Marc Lefkowitz | 11/14/07 @ 5:02pm
It was a raucous, energizing evening Thursday, September 7 as 450 Clevelanders packed into Spaces Gallery for the opening of "Street Repairs," an exhibit with 14 local artists responding to the urban street as a place of interaction, isolation, and inspiration. Live performances by hometown rockers Cobra Verde (inside newsense enterprises' makeshift club space), and breakdancers from 216 Beatriders spinning on a "stage" emblazoned by aerosol artist Poke brought the energy of the street inside.
"This is a way of looking at the street from the ground up," commented exhibit curator, local artist and teacher Don Harvey.
Harvey's penchant for exploring small, unintended collisions of natural and urban ecosystems can be felt in the show. But mostly the artists respond in ways that run from illuminating to making light of experiences in the city, with its creatures and its built environment. Here's a rundown of the artists and their work:
- Amber Anderson's photographs of roadside shrines are powerful and eerily intimate.
- Corrie Slawson's print installations are sharp comments on the street at lunchtime with 500 pigeons cut from supermarket fliers and graph-like stacks of silkscreen take-out containers.
- Mark Reigelman II's "Home Sweet Home" is a clever rethinking of an RTA shelter as a living room.
- Jake Beckman's "Urban Core Samples" are meaty slabs of the skin and bones of the urban street.
- Video artists Jo Q. Nelson, Frank Ferraro and Eric Rippert anticipated video was experiencing technical difficulties, but should be fixed soon, says Spaces Sara Wiidman.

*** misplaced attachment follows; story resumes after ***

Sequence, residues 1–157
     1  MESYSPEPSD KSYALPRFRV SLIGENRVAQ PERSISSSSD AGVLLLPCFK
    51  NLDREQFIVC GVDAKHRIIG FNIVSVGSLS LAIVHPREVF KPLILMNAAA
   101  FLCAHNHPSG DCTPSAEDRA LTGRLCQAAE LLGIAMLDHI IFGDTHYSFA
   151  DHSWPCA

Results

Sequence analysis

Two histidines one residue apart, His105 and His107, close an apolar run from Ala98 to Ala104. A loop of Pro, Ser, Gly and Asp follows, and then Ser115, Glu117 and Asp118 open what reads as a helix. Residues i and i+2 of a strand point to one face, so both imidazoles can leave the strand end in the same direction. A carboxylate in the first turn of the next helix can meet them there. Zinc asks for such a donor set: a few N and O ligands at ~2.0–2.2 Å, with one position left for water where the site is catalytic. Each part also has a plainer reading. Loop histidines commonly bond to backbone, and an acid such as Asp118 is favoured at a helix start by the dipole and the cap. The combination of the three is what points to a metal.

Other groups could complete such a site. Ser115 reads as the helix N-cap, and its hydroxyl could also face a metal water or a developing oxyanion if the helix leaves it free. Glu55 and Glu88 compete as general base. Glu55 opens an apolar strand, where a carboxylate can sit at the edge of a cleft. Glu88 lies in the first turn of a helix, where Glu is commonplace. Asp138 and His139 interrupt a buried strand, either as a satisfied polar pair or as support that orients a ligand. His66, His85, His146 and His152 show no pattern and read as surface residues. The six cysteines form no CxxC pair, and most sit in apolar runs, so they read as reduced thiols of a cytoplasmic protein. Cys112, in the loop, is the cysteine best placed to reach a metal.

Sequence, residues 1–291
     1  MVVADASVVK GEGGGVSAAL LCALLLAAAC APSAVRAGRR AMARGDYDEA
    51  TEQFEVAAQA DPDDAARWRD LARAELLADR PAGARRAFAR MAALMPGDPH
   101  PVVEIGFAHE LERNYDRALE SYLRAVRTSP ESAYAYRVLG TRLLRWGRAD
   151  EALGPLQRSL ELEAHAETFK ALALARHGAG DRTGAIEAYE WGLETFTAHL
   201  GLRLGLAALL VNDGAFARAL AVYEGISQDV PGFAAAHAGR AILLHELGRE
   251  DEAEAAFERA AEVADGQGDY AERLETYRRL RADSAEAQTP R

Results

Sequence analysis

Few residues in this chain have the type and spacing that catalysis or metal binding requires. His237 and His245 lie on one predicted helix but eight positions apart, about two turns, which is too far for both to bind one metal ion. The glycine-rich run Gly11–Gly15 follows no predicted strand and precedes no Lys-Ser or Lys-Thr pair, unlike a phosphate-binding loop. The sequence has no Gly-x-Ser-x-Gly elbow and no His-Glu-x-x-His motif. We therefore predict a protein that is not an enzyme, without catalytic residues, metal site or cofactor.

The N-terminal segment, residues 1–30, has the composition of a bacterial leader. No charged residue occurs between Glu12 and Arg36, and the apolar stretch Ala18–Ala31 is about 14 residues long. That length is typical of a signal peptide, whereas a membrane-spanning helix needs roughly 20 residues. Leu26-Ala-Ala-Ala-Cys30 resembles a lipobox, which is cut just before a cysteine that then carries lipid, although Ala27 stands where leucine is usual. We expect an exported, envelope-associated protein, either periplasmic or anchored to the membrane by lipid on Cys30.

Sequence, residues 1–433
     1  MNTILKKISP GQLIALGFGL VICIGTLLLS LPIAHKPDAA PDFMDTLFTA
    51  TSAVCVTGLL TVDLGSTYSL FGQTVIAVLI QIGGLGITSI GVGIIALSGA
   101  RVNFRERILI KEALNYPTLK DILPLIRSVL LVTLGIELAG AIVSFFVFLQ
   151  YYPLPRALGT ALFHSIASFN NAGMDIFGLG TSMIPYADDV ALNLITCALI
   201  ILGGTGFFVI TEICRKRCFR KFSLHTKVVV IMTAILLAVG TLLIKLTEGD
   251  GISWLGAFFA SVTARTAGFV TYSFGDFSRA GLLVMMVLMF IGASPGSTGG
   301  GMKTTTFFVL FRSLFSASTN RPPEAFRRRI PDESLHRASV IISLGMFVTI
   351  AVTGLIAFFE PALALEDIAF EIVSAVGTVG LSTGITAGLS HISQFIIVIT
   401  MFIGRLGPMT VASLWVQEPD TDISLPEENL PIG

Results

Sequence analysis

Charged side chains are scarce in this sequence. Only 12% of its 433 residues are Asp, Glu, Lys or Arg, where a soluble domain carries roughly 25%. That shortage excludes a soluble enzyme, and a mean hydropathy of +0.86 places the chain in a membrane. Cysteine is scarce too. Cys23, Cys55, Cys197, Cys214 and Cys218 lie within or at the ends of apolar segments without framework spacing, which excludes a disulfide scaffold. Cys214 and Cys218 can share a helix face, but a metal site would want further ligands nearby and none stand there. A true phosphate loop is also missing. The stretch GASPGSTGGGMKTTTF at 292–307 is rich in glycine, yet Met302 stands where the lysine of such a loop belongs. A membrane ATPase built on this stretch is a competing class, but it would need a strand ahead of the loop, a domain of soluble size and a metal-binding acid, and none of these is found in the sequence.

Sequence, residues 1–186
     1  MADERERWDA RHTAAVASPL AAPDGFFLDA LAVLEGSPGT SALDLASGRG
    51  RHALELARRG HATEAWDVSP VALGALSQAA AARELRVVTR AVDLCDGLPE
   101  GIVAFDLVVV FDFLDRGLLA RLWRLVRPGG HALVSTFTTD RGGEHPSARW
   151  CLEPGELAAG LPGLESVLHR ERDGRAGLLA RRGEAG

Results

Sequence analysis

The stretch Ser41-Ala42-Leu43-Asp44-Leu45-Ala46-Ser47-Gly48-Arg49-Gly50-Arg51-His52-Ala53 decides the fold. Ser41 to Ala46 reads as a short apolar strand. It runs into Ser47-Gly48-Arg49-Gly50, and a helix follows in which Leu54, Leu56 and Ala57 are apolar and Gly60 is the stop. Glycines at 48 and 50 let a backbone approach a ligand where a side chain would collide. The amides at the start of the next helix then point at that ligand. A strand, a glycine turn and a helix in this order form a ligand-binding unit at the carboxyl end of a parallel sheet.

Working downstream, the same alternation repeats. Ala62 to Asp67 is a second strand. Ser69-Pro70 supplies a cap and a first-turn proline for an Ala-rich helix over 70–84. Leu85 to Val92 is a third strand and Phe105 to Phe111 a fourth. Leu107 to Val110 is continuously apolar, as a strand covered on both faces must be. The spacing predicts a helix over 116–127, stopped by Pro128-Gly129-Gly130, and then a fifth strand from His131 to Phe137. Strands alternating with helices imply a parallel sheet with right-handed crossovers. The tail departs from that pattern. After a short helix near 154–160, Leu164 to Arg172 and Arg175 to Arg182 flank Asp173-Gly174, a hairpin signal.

- Kevin Lubrano's video tour of the Flats and bridges in "Centaur Care" contrasts with Alex Henry's more impressionistic look at late night Flats action in "Striptease."
- Karen St. John-Vincent's off-kilter vignettes come from photographing arranged meetings and reworking them with paints and wordplay such as in "Ballet in the Alley"
- Stephen Manka painted giant finger prints and arcane symbols on the street at various locations and Jamie Janos photographed them for the meta-materials in the gallery
- Bruce Edwards' mixed-use storefront installations will swap various tenants to comment on the transience of the street. And Ohio City Bike Coop re-created a storefront and filled it with funky gearhead art and objects.
- Michael Kowen's video of Ohio City Bike CoOp's rolling printing process (photo top)
The energy of the opening matched the vibrancy of the work from these young, talented artists-many of whom are exhibiting in a major gallery for the first time. Plenty of live music, poetry and panel discussions are planned in connection with the show, which runs until October 21 - check out Spaces' site for more information.